Health department has plan for united action
THERE is no doubt that the spread of HIV is reaching alarming proportions. The Department of Health recently released the latest results on HIV incidence in pregnant women in South Africa.
One out of every 10 young mothers reporting to ante-natal clinics in Soweto is testing HIV-positive. Predictions are that by the year 2005 one-fifth of South Africa's population - men, women and children - could test HIV positive.
In the light of statistics such as these, many people are questioning whether the government is taking the fight against HIV/AIDS seriously enough.
Rose Smart, consultant to the Department of Health's HIV/AIDS and STDs directorate, says the department has a clear-cut plan for the workplace based on "A National Aids Plan for South Africa", and has begun working within departments in an attempt to get a truly united government response.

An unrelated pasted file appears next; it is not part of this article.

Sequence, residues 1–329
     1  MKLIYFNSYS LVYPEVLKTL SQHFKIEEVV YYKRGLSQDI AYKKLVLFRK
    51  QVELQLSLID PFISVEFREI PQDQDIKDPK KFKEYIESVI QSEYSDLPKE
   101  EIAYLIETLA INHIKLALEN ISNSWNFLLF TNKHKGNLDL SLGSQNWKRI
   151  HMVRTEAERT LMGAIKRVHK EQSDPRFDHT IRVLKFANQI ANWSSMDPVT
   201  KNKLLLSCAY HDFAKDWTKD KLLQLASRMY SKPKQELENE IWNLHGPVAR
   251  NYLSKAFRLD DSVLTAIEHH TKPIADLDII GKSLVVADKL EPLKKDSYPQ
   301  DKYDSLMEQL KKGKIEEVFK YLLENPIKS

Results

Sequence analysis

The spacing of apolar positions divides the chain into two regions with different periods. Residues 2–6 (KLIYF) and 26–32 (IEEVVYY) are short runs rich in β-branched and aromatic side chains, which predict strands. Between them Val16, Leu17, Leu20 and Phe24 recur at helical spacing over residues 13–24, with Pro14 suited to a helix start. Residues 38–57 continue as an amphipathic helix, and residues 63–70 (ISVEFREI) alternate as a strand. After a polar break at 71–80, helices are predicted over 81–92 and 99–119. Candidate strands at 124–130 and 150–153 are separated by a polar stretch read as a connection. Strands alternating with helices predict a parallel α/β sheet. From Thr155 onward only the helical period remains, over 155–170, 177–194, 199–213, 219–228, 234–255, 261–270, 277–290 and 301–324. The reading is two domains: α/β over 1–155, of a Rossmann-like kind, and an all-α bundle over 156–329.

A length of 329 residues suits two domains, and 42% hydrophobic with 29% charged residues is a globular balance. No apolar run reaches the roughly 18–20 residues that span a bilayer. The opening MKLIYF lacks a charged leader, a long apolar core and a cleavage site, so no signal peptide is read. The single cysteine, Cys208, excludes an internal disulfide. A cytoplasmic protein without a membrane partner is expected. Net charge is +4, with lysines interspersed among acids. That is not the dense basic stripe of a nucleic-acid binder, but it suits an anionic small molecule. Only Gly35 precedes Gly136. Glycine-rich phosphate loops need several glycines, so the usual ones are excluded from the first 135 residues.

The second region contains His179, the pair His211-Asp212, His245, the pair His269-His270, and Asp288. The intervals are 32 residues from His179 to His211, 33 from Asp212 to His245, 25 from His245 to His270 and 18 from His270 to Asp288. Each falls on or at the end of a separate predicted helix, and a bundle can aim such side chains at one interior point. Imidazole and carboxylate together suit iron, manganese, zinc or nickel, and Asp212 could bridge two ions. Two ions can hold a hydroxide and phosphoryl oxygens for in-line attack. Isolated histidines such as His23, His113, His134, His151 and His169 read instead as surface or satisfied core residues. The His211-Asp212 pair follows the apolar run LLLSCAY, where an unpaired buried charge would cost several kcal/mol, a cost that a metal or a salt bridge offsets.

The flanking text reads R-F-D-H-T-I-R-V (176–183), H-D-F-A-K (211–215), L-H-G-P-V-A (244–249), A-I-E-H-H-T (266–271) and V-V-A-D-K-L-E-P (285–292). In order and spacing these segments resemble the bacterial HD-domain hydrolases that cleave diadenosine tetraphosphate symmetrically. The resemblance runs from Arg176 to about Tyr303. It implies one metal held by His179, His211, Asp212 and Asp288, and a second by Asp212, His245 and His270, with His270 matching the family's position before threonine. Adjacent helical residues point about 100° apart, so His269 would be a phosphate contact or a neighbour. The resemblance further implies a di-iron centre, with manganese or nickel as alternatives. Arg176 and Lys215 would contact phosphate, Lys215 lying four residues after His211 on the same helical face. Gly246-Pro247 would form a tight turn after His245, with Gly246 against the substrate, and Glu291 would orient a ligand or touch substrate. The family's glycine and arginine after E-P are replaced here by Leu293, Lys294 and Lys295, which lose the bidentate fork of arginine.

The key focus during 1996 was to continue the process of forming partnerships with five sectors the directorate views as its key partners: government (national departments, provincial government, and local government structures); business (employer and employee representative bodies); non-governmental organisations; the community and civil society.
On the public sector side, efforts are being made to establish an inter-departmental committee to bring together top decision makers from all the national government departments.
To assist departments with developing, managing and monitoring policies and programmes, the directorate has come up with an information guide outlining a six-part process for developing an AIDS policy. It also holds one-day AIDS education workshops for HIV/AIDS committee members and a a management presentation on the economic impact of AIDS. Top of page